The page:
Human Rights Watch have called for an investigation into the circumstances of the death of Muammar Gaddafi and his son, Muatassim, following the release of videos which show both alive and walking after capture. If the Libyan leader and his son were killed whilst in custody of rebel forces, and before a trial, the act may constitute a war crime.
Human Rights Watch cited a number of photographs, videos and an in-person verification as evidence that the former leader and his son may have been killed after they were taken into custody. The bodies of both men have been on display in Misrata where they were killed in a final showdown on the morning of 20th October 2011. Varying accounts give cross fire and a NATO air strike as the cause of Colonel Gaddafi’s death. “Targeted killings” by airstrike and drone are also the subject of debate over extra-judicial killing.
NATO said in a statement:
“At the time of the strike, NATO did not know that Qadhafi was in the convoy. NATO’s intervention was conducted solely to reduce the threat towards the civilian population, as required to do under our UN mandate. As a matter of policy, NATO does not target individuals.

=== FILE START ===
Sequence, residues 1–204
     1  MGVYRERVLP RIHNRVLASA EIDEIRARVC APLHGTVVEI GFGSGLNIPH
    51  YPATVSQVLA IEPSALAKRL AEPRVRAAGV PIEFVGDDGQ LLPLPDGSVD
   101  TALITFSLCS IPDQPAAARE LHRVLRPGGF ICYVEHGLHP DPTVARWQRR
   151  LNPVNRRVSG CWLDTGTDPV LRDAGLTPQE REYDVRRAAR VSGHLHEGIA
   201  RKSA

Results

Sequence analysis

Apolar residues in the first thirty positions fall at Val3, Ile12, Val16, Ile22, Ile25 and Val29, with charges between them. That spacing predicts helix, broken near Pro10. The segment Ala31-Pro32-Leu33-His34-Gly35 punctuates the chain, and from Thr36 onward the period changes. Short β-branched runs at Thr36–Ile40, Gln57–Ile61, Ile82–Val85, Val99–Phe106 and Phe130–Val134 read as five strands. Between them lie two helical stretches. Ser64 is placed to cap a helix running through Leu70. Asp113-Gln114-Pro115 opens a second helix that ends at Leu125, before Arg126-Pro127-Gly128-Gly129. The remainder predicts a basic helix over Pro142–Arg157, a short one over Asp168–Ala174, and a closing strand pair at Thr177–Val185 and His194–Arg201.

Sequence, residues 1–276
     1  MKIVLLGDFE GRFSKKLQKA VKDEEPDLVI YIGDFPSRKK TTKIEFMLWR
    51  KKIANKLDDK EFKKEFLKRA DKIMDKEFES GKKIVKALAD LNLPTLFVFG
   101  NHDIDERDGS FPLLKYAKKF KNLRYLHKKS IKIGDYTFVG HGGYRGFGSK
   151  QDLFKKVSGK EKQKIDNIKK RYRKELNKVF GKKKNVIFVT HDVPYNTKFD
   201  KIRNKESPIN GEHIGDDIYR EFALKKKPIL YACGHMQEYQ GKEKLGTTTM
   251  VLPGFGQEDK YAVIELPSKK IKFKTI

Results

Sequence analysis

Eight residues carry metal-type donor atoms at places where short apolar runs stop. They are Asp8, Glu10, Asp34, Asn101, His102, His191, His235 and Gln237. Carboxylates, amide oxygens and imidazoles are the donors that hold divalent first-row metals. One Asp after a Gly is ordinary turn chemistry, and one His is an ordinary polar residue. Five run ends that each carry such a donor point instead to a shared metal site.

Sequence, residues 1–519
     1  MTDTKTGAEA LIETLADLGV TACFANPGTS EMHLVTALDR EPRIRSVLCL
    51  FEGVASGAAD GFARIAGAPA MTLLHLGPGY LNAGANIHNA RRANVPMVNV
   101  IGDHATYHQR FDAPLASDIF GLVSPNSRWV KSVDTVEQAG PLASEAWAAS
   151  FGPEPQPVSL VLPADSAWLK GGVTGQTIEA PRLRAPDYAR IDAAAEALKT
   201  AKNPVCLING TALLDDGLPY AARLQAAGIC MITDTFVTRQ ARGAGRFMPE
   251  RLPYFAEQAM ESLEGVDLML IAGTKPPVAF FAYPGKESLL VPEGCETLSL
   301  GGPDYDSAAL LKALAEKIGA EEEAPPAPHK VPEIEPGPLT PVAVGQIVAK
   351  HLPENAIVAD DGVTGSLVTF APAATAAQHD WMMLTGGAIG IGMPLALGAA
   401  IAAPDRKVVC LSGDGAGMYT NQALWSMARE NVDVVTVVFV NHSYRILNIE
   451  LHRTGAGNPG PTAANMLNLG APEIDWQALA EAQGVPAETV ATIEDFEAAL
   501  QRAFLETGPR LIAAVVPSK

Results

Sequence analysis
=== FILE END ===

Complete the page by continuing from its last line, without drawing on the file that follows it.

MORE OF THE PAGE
“We later learned from open sources and Allied intelligence that Qadhafi was in the convoy and that the strike likely contributed to his capture.”
A failure to provide safe custody or medical care for former government forces would not only violate international law, but may also protract the violence in the North African nation, as former combatants would be unwilling to surrender. Sarah Leah Whitson, Middle East and North Africa director at Human Rights Watch said:
“Finding out how they died matters. It will set the tone for whether the new Libya will be ruled by law or by summary violence.”
Leaders around the world called for the Transitional National Council and Libyans in general to refrain from acts of revenge following the news that the Muammar Gaddafi had passed away.